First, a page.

Union victory under Abraham Lincoln brought with it a popularity that no president had attained
since Washington.    The mood of celebration and adoration of a weary president was quickly
swept away by a sudden wave of grief as word spread of the dastardly work of John Wilkes Booth
at Ford’s Theater.  Common interest and recognition of the murdered presidents place in history
caused a public thirst for Lincoln related material.  The most innocuous bit of Lincolnia took on
special appreciation and caused many of these treasures to be preserved as they were packed away
with family relics.  Maine country attics have long been fertile ground for such with a rare find still
possible for the devoted collector.    
AT LEFT:  Home maker and wife of a local grocer Eliza Webster Mountford  preserved her
program and mourning badge from the  Lincoln funeral held in Portland’s city hall April 19,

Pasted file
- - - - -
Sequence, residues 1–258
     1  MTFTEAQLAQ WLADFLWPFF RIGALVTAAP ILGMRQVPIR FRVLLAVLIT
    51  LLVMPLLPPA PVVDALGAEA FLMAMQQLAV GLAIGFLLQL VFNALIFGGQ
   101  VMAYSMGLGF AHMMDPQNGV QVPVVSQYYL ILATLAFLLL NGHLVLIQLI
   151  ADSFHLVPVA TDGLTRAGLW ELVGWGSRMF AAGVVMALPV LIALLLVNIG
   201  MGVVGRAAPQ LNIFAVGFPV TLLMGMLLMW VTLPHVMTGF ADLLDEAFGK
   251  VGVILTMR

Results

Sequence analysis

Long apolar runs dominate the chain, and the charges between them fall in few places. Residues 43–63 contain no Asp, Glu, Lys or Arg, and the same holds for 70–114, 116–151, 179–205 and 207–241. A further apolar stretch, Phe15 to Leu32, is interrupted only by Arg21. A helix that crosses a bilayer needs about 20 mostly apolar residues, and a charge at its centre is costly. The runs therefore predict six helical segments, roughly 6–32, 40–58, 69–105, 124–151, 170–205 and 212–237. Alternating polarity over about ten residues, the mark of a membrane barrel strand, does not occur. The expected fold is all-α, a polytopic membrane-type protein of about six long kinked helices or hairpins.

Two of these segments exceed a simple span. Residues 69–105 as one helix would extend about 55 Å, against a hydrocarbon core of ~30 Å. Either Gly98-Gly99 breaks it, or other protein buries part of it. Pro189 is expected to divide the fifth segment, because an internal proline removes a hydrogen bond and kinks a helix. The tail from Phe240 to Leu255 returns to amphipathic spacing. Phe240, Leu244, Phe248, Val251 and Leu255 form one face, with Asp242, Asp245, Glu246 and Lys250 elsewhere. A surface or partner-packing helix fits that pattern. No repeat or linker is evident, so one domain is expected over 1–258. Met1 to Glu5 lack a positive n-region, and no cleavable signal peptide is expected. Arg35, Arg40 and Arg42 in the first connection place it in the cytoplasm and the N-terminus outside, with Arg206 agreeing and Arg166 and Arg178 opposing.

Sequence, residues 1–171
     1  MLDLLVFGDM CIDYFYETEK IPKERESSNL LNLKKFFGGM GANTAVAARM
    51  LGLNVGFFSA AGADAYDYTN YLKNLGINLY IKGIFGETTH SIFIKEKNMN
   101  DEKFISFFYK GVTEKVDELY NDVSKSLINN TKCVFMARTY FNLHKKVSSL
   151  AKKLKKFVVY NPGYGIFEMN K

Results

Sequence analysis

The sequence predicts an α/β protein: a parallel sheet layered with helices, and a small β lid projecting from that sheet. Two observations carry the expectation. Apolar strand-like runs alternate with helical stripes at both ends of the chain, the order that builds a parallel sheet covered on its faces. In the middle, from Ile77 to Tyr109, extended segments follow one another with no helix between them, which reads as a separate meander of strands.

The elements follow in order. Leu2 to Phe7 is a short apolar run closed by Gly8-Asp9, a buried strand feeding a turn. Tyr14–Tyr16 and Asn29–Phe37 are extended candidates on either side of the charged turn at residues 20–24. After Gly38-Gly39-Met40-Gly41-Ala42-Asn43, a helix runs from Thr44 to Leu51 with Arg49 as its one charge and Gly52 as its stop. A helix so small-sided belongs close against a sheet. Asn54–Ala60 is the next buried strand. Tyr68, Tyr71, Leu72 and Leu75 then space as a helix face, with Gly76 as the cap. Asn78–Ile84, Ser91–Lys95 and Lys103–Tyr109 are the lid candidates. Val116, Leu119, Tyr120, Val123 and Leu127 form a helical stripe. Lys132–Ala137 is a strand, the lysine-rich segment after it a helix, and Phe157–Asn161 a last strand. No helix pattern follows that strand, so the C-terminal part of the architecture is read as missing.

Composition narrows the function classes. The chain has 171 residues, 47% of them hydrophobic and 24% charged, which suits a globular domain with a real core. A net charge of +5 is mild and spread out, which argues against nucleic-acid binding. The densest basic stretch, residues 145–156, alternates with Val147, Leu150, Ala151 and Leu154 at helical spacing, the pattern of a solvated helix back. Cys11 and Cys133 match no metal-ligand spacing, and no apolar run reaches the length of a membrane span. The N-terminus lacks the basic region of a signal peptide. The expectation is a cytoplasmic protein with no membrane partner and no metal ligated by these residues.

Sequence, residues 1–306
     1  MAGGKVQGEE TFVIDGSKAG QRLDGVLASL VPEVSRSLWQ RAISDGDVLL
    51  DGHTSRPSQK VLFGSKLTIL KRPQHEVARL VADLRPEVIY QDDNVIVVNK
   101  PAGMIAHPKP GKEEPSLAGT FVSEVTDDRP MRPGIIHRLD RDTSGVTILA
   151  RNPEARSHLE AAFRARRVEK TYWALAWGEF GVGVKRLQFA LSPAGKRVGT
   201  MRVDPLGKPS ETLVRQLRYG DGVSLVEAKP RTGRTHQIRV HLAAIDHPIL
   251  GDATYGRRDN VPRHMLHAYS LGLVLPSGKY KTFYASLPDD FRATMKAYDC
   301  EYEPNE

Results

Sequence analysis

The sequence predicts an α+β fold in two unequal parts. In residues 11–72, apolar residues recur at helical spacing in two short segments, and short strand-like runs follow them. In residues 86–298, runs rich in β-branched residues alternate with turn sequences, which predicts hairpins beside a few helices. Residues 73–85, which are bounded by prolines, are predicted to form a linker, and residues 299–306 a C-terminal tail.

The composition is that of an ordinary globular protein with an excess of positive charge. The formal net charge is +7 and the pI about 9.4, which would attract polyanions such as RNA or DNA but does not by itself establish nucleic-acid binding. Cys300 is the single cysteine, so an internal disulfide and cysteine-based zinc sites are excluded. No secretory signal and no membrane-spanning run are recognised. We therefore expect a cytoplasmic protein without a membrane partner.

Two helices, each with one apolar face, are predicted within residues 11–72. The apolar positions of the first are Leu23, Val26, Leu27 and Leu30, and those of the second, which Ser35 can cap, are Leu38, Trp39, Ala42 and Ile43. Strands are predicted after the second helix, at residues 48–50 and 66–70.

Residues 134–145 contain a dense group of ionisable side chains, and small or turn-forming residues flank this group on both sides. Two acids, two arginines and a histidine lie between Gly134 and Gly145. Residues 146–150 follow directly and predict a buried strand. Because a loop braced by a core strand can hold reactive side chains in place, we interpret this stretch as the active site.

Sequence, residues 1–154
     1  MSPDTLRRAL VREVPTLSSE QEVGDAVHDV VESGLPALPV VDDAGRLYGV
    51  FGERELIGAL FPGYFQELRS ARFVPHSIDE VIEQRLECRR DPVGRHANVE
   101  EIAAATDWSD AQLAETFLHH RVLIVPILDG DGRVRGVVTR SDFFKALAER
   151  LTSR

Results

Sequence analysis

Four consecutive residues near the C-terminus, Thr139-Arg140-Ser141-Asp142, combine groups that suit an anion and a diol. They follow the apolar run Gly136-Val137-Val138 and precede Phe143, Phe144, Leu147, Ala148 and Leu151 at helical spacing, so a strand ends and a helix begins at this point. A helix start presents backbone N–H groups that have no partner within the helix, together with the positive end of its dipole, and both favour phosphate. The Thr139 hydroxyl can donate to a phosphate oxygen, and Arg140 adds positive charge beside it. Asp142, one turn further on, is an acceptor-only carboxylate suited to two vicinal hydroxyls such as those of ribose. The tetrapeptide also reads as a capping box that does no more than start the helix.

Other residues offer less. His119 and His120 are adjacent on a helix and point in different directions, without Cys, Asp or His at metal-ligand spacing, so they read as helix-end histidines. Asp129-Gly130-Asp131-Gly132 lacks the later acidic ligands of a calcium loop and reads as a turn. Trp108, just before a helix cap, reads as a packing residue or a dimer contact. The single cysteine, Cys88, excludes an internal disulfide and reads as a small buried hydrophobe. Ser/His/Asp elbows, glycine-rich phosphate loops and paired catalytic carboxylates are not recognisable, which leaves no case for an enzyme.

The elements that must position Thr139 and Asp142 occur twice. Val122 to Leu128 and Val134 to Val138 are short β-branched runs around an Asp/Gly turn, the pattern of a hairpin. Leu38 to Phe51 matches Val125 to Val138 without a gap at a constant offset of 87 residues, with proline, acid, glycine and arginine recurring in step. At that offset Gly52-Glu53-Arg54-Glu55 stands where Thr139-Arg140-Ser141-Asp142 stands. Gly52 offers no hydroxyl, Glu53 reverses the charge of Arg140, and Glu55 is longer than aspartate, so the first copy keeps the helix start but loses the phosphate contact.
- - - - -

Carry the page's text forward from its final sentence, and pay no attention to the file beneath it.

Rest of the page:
1865.
At left, Corp. Charles Durham of the 31st Maine Volunteers
preserved this photograph presented by Chaplain George C. Crawford
who is wearing a Lincoln ferrotype on his breast and the required mourning
ribbon on his left sleeve.  The image was taken by an Alexandria, Virginia
photographer. The Chaplain’s image is superimposed over Army General
Order No. 3 printed in the field in Alexandria and calling for the wearing of
the Lincoln mourning ribbon on the left arm of all officers.  
Above, period Lincoln mourning relics yielded up by Maine attics
include a Portland, Maine hatters beaver stovepipe still fitted with the
wide black silk mourning band.
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